Authorities, Specifications and Codes & Standards
This self-paced online training course covers the authorities that require and enforce codes and standards for sprinkler system design. "Authorities having jurisdiction" are responsible for listing and interpreting requirements and determining minimum acceptable levels for life safety and property protection applied to buildings and operations.
Upon completion you should be able to:
- Define key terms, including authority having jurisdiction, approved, highly protected risk, and amendments
- Explain the function of the Insurance Services Office and how insurance companies may impact sprinkler system design and installation
- Explain why jurisdictional requirements exist
- List the organizations or authorities that may have an impact on fire sprinkler system design
- Explain the purposes of a fire sprinkler system specification
- Explain how sprinklers can be a valued life safety tool
- Explain the purpose of NFPA 13 and how it can become a legally enforced document
- Explain the principle behind substituting one form of fire protection for another
- List the two major model building codes and explain the difference between a code and a standard
Who Will Benefit
Anyone whose job involves designing, reviewing, evaluating or installing fire protection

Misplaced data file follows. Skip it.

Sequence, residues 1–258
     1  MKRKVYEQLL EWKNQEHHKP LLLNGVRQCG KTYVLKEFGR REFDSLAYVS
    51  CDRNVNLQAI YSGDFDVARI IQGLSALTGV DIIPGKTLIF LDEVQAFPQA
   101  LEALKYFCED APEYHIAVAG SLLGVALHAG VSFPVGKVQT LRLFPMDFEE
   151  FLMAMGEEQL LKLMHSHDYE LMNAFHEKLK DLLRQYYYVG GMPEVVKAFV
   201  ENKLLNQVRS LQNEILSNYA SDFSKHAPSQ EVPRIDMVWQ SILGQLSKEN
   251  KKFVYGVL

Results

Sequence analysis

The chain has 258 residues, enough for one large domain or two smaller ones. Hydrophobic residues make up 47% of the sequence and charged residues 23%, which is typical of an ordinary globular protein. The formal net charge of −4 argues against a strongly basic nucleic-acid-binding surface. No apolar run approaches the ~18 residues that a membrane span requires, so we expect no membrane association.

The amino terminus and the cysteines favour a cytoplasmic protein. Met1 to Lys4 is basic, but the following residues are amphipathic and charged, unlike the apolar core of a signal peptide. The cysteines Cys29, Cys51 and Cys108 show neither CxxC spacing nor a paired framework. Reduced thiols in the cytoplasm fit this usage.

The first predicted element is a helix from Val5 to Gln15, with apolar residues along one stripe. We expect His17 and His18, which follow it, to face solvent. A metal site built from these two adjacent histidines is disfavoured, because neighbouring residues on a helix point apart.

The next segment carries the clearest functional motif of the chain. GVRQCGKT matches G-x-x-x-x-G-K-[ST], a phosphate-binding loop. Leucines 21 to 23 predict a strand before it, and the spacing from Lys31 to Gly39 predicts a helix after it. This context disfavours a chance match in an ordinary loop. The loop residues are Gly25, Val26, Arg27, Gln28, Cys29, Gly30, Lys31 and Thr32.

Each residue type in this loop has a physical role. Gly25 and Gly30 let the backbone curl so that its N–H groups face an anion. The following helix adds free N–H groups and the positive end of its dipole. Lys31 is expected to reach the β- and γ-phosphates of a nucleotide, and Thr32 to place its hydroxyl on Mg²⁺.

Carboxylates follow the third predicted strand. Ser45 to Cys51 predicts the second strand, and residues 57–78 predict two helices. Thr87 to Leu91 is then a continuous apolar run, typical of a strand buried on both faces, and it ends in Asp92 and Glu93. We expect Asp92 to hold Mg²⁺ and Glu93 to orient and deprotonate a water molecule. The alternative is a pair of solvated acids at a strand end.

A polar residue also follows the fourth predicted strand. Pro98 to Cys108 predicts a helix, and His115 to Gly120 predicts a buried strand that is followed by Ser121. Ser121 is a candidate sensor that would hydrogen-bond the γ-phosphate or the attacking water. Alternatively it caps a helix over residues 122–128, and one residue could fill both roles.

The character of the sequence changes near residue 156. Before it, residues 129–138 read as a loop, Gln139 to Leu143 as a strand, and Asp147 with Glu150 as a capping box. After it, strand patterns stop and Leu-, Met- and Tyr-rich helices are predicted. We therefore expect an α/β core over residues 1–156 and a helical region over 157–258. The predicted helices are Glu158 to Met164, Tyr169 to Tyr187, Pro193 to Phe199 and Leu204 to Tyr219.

systems, including: designers, installers, engineers, electrical contractors, technicians,
project managers, fire marshals, and architects.
Minimum Computer System Requirements
- Different jurisdictions maintain different standards for the installation of fire protection equipment. for example, the basic requirements for fire sprinkler systems are occupancy-based and are typically found in a published building code or fire code. That document may well reference another document, such as the NFPA 13, or a local requirement.
- Understanding how to maneuver through the world of codes and standards is critical in determining the requirements for the design and installation of fire protection systems.
- Fire sprinkler systems are required in certain occupancies by some specific code, such as a Building Code, but an Authority Having Jurisdiction may ultimately decide the extent of a system's installation. Technically, there are two types of AHJ: those with the power of the law, like fire marshals and building officials, and those with the power of economics, such as insurance companies.
- Those with the power of law can stop an operation, and those with the power of economics can make it difficult to operate. If an insurance company cancels the policy, for example, it would be very risky for a building owner to operate without insurance.
Continuing Education Units (CEU):
Expected Duration (hours):